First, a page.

This page provides predictions of stellar occultations by TNOs and Centaurs, as part of the efforts led by the Observatório Nacional/MCTIC and the Laboratório Interinstitucional de e-Astronomia (P.I’s.: R. Vieira-Martins and L. da Costa, Brazil), the Paris Observatory (P.I.: B. Sicardy, France), and the Instituto de Astrofísica de Andalucía (P.I.: J.-L. Ortiz, Spain). All objects considered here are those listed by the Johnston’s Archive (http://www.johnstonsarchive.net/astro/tnoslist.html, as last updated on 2016/SEP/05). Exception is made to Pluto and those objects that are presented as not having an MPC designation.
These maps are intended to provide a useful step to select those events on which a more careful work to refine their predictions is considered to be of interest. More accurate predictions to a smaller number of objects, as well as details on observational procedures and hints to observe an occultation event, can be obtained at J. Desmars’ page and at F. Braga-Ribas’ page.
Please, read the ReadMe file for details on the page and its contents.
Website design and maintenance:
Maps and Tables:
– They involve efforts from the three institutions mentioned above (Rio, Paris, and Granada teams). Emails can be sent to Julio Camargo (firstname.lastname@example.org)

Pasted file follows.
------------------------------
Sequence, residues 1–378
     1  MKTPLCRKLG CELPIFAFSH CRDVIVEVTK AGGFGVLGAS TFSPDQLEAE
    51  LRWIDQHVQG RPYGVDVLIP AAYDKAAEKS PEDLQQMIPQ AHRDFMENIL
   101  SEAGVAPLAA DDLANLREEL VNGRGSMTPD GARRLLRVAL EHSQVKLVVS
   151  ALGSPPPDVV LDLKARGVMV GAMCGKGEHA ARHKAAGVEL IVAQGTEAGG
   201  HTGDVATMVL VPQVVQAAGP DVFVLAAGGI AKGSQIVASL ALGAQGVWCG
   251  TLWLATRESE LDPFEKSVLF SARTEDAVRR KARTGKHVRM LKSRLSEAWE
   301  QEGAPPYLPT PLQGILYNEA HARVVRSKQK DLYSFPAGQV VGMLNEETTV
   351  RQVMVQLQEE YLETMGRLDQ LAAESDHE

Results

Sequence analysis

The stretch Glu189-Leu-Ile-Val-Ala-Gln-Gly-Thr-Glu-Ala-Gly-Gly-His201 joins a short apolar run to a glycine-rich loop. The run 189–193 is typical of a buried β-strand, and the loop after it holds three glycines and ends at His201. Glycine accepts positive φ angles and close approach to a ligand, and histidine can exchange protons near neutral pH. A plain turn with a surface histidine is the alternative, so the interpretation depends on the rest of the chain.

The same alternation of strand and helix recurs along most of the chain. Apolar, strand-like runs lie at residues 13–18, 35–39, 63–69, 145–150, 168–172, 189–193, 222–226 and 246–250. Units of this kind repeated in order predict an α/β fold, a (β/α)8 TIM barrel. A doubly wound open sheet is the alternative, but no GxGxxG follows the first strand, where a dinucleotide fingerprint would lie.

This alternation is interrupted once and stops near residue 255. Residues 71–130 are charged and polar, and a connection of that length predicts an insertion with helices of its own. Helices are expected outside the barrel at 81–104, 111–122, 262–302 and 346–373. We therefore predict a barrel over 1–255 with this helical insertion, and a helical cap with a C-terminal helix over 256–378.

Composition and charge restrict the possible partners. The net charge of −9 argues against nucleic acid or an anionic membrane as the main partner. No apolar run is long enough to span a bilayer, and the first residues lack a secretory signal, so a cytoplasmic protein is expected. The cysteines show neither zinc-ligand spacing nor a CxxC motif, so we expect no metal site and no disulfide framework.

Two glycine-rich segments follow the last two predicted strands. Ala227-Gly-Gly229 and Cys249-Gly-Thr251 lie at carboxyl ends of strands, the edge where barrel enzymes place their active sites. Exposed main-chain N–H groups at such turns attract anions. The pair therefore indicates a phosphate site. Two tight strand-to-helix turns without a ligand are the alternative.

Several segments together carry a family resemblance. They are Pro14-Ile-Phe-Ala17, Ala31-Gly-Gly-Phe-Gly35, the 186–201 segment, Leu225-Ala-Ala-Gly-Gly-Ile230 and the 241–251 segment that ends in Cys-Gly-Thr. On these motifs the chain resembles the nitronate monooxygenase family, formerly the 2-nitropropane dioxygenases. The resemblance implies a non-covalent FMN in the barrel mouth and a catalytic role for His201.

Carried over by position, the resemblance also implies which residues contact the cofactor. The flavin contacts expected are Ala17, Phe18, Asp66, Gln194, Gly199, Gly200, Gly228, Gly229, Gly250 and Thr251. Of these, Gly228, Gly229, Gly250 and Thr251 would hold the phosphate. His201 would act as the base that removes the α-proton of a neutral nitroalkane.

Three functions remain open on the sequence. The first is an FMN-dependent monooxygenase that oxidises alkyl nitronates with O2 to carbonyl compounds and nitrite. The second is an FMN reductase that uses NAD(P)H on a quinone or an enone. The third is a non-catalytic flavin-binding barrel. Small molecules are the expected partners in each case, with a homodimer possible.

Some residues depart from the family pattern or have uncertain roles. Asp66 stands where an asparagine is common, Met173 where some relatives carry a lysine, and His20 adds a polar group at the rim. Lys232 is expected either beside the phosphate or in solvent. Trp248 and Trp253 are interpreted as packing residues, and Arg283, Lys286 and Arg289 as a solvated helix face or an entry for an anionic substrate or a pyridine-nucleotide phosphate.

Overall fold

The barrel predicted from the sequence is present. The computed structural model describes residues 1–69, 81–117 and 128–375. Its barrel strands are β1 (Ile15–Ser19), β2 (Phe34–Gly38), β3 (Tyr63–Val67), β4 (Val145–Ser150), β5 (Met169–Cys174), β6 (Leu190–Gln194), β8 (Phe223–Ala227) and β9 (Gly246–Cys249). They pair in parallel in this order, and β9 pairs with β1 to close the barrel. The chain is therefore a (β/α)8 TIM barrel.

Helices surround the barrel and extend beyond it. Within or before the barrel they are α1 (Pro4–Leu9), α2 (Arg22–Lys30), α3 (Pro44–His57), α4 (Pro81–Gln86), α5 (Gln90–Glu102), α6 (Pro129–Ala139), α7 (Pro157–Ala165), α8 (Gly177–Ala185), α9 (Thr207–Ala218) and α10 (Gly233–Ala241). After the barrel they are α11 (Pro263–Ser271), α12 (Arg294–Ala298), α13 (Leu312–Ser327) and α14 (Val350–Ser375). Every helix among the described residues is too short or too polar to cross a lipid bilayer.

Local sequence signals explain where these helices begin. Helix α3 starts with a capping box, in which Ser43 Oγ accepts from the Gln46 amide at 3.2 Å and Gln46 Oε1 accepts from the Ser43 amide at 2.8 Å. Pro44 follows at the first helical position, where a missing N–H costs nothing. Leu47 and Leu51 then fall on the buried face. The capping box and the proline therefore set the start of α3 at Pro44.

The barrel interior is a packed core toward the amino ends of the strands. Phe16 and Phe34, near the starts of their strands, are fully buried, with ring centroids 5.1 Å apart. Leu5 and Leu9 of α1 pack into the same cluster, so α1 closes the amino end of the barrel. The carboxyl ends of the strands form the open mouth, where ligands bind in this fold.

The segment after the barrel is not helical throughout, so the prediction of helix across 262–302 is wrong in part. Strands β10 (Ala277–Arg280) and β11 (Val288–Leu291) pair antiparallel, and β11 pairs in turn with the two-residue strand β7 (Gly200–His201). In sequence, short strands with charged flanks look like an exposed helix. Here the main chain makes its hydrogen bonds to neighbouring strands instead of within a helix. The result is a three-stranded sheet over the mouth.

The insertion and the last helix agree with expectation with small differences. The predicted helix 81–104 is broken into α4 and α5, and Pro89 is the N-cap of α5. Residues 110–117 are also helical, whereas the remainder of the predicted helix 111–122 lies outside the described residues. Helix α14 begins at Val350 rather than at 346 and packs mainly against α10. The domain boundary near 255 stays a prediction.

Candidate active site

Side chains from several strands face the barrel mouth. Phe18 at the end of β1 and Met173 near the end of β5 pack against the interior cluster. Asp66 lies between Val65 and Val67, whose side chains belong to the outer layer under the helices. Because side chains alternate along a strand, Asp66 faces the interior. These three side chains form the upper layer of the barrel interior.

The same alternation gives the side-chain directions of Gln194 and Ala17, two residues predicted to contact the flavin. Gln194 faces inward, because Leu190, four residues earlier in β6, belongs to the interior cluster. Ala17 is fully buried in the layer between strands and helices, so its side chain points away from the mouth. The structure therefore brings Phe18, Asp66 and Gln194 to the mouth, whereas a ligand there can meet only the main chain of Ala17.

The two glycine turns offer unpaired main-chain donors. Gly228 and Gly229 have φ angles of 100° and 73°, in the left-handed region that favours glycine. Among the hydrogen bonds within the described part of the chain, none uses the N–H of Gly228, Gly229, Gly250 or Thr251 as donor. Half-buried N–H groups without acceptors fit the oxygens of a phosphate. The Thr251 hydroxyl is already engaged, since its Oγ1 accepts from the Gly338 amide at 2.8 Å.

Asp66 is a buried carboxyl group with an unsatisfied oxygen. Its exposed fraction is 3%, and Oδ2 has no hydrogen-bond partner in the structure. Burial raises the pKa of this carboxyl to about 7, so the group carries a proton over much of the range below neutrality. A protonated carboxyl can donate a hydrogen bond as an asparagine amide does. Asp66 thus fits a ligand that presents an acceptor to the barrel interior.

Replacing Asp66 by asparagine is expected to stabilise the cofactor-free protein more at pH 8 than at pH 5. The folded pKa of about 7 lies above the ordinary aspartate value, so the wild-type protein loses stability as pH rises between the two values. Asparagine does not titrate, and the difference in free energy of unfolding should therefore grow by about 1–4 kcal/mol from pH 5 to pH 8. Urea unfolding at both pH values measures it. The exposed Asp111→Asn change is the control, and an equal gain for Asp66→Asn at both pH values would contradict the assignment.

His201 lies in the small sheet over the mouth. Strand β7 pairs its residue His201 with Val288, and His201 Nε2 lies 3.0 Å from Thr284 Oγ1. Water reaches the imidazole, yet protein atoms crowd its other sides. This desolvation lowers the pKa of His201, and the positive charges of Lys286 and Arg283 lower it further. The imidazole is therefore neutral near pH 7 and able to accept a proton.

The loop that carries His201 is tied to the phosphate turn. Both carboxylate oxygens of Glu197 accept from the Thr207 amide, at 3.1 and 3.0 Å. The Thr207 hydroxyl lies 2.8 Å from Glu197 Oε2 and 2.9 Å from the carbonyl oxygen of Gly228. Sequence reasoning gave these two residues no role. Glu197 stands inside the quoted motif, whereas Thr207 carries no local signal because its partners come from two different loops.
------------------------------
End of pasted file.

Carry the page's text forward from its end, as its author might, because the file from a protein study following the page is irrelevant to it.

– This work is funded by the LIneA, Observatório Nacional/MCTIC, and INCT do e-Universo.
– This work has made use of data from the European Space Agency (ESA) mission Gaia (https://www.cosmos.esa.int/gaia), processed by the Gaia Data Processing and Analysis Consortium (DPAC, https://www.cosmos.esa.int/web/gaia/dpac/consortium). Funding for the DPAC has been provided by national institutions, in particular the institutions participating in the Gaia Multilateral Agreement.
– This work has made use of the NAIF/SPICE softwares and scripts.
Acton, C.H.; “Ancillary Data Services of NASA’s Navigation and Ancillary Information Facility;” Planetary and Space Science, Vol. 44, No. 1, pp. 65-70, 1996.
Charles Acton, Nathaniel Bachman, Boris Semenov, Edward Wright; A look toward the future in the handling of space science mission geometry; Planetary and Space Science (2017); DOI 10.1016/j.pss.2017.02.013
– This research has made use of the SIMBAD database, operated at CDS, Strasbourg, France
2000,A&AS,143,9 , “The SIMBAD astronomical database”, Wenger et al.
– The maps were built using PGPLOT routines in a code written by B. Sicardy (Paris Observatory).
– Special thanks to J. Giorgini (JPL – Pasadena – California) for his help with the SPICE/NAIF tools.